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Special and Modified Diets Series: Heart Disease


If you are at risk of developing heart disease, or have recently been diagnosed with heart disease or high blood pressure, it’s important to know that dietary changes can make a huge difference in your current and future health status. To protect your heart and keep it strong and functioning for years to come, consider making these diet modifications.

Increased dairy. Milk, cheese, and other dairy products are rich in vitamins A, D, the B vitamins niacin and riboflavin, and protein, all of which are essential for maintaining and re-establishing healthy heart function.

Reduce fat intake. High cholesterol is a major risk factor for heart disease, so a diet low in saturated fat is key. Avoid cuts of meat that are high in fat (distinguished by “marbling,” or visible patterns of white in the meat), bacon, butter, and heavy cream. Better choices include flank steak, ground turkey, chicken and other poultry with the skin removed, canola and sesame oils, and nuts and seeds in moderation.

Cut low-nutrition foods.
A well-balanced diet is essential for people with heart issues, so reduce or eliminate sodas, junk foods, ice cream, and candy and replace them with water, vegetables, soy-based frozen treats, and fruits.

Supplement your diet.
Coenzyme Q-10 significantly reduced systolic and diastolic pressure in a 12-week Australian study, and fiber pills and powders can also help keep blood pressure within a normal, healthy range. Omega-3 supplements have several protective benefits for people at risk for developing cardiovascular disease and those who have already been diagnosed—including the lowering of high blood pressure, decreasing the risk of arrhythmias, and inhibiting the buildup of plaque in the arteries. Vitamin C’s antioxidant properties block the damage that can be caused by fre- radicals, byproducts than can accelerate the aging process and make us more likely to develop heart disease. Minerals such as potassium and magnesium help restore the healthy functioning of blood vessels and aid in the transmission of electrical impulses that regulate the heartbeat.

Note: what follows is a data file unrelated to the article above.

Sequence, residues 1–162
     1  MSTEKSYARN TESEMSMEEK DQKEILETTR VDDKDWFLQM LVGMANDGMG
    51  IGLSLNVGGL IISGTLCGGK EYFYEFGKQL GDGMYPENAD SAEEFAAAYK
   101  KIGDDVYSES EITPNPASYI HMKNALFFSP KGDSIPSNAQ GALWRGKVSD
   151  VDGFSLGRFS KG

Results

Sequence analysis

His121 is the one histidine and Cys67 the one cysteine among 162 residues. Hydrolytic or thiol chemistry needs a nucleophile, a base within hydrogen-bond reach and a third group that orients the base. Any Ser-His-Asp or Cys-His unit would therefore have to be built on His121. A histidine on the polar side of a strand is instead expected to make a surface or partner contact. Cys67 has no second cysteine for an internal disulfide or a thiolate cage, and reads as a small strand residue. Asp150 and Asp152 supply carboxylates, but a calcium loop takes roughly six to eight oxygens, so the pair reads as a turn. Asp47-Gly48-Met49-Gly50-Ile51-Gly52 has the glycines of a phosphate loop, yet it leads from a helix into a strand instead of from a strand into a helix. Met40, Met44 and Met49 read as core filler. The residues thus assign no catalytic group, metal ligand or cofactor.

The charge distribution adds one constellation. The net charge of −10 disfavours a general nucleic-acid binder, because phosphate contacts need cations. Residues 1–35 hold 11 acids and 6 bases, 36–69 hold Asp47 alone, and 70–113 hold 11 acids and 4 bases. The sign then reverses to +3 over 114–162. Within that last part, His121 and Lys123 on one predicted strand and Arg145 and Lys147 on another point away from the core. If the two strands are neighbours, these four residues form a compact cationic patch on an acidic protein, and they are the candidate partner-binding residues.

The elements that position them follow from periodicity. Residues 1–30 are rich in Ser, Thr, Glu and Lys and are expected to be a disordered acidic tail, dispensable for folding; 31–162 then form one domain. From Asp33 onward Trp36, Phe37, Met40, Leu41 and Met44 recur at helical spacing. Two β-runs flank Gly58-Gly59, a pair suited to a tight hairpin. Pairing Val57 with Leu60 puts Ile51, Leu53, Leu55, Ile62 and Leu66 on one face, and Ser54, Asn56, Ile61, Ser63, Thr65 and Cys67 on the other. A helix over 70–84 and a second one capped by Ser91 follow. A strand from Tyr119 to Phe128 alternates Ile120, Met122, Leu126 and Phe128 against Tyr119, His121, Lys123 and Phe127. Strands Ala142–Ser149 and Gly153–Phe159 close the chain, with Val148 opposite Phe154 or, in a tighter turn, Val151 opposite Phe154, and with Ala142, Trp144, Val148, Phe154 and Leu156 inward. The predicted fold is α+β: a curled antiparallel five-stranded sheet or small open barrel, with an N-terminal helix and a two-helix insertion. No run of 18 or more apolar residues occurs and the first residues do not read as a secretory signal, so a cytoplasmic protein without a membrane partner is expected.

Your heart is undeniably one of the most important organs in your body, so get (and keep) heart-healthy with the above advice . . . your heart will thank you.


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